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The electric land speed record

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October 28, 2004

The electric land speed record

The electric land speed record

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October 29, 2004 The Ohio State University's electric vehicle, the Buckeye Bullet, has broken the electric vehicle land speed record, raising the bar to more than 300 miles per hour on the Bonneville Salt flat last week.

Over several days the car set an official world record of 271.7mph, an official US record of 314.95mph (different rules), and became the fastest electric vehicle ever at 321.8mph.

The Bullet was designed and built by undergraduate and graduate students at Ohio State University (OSU), and has been pushing the electric land speed record upward since it first set a new mark of 257 mph 12 months ago. With the record now firmly in its grasp the team is fund-raising for its next attempt, and in the process is offering a piece of history.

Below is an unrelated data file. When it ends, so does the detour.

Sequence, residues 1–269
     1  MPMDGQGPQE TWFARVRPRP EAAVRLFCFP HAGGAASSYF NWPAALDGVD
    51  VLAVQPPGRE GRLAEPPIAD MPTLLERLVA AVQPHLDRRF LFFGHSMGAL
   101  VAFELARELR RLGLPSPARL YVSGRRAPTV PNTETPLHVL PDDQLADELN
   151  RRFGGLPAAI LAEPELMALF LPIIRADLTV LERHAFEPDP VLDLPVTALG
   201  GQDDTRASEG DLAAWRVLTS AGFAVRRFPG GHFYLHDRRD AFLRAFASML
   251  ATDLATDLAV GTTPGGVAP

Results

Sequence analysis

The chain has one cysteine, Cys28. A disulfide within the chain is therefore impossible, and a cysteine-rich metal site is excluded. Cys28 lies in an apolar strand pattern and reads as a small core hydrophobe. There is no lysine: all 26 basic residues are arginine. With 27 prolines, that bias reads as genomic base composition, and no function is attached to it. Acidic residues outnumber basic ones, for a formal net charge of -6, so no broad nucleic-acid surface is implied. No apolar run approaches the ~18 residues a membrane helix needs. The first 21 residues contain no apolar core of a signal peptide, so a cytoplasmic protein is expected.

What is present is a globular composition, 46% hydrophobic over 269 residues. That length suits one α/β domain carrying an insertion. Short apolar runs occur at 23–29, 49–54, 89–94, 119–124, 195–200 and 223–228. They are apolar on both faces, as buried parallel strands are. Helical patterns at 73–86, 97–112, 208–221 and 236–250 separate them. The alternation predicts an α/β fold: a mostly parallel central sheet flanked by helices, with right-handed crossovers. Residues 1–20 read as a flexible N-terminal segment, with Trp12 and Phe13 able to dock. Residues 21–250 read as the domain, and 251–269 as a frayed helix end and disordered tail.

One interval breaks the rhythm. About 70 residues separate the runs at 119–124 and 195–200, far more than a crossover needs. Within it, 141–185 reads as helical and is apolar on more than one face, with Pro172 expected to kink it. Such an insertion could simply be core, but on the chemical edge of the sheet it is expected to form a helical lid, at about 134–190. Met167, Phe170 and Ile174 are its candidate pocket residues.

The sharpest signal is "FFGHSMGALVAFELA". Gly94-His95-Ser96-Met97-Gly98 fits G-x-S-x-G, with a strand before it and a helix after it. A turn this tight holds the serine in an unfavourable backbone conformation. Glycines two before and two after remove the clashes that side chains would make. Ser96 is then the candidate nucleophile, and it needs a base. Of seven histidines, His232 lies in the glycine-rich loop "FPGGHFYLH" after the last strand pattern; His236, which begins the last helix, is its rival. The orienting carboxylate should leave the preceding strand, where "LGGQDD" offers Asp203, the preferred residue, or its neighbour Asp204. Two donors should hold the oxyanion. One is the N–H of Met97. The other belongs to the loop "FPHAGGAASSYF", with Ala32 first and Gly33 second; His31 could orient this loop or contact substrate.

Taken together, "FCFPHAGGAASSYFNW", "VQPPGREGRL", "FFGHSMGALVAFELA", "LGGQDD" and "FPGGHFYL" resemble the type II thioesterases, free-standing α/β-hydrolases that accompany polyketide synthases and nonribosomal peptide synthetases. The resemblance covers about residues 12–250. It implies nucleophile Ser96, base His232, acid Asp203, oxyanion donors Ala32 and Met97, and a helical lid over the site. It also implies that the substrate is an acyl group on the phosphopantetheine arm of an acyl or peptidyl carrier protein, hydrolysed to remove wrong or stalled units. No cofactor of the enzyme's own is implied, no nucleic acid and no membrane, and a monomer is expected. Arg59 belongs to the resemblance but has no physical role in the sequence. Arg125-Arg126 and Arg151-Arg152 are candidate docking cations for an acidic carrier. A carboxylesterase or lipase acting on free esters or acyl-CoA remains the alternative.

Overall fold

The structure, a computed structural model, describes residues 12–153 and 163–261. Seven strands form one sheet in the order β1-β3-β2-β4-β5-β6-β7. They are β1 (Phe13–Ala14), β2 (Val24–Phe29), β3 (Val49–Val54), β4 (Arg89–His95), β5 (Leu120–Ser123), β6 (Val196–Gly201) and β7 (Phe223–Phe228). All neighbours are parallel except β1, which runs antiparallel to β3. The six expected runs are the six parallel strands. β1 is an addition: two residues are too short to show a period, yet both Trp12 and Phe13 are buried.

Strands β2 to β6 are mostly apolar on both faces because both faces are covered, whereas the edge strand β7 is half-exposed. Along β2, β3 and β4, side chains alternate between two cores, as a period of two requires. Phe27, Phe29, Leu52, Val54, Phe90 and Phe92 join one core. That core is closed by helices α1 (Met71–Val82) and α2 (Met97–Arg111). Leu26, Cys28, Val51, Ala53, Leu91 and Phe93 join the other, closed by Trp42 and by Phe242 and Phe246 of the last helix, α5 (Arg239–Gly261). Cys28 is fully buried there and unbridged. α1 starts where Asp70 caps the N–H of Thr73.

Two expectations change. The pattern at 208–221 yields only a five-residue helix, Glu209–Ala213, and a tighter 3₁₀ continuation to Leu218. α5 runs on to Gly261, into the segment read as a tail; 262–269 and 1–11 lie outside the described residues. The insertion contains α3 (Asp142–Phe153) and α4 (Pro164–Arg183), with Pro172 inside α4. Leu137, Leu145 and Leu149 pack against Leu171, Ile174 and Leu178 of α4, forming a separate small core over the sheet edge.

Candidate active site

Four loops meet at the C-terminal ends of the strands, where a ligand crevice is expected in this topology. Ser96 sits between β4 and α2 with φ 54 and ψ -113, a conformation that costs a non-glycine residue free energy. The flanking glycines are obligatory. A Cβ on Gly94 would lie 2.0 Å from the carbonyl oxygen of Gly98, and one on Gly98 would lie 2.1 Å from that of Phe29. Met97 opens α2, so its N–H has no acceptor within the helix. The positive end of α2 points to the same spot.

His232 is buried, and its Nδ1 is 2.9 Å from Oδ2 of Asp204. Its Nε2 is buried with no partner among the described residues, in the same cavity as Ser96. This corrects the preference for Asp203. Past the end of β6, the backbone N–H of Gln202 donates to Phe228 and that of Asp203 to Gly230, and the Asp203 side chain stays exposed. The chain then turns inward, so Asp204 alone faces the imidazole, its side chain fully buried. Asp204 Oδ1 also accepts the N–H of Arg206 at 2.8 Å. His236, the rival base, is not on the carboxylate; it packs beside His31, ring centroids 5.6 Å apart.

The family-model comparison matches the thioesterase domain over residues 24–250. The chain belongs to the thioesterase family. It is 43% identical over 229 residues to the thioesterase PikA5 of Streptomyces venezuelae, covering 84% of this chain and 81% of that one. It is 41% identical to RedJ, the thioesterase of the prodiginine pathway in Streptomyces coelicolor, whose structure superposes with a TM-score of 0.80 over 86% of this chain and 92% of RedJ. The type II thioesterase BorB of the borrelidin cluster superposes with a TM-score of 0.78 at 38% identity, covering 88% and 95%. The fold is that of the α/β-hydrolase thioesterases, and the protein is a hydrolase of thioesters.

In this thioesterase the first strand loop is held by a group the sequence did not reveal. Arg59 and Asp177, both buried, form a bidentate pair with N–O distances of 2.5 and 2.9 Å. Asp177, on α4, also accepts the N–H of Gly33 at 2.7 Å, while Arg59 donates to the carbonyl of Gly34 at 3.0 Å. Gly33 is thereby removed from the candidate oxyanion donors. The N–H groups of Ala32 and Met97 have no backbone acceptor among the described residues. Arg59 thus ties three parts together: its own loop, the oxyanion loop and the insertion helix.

The team has a novel promotional idea to give everyone a chance to share in the historical occasion and get a memento to own. The Buckeye Bullet 400 horsepower electric motor is fed by 12,000 nickel-metal hydride batteries and the batteries used in the record attempt are to be sold individually at US$20 a shot. Accordingly, the team could deservedly bolster its finances by US$240,000.

Through its Centre for Automotive Research, the university has fuelled students' enthusiasm for automotive engineering for more than 10 years by competing in events to design and race electric cars. The projects teach students about sponsorship, teamwork, dealing with suppliers, meeting deadlines, and matching analysis results to refining designs.

Four years ago, after repeatedly beating teams from other universities, OSU students decided to aim for land speed records. They chose SolidWorks Education Edition mechanical design software (www.3dvision.com .) for the Buckeye Bullet project because of the software's intuitive interface and powerful design capabilities.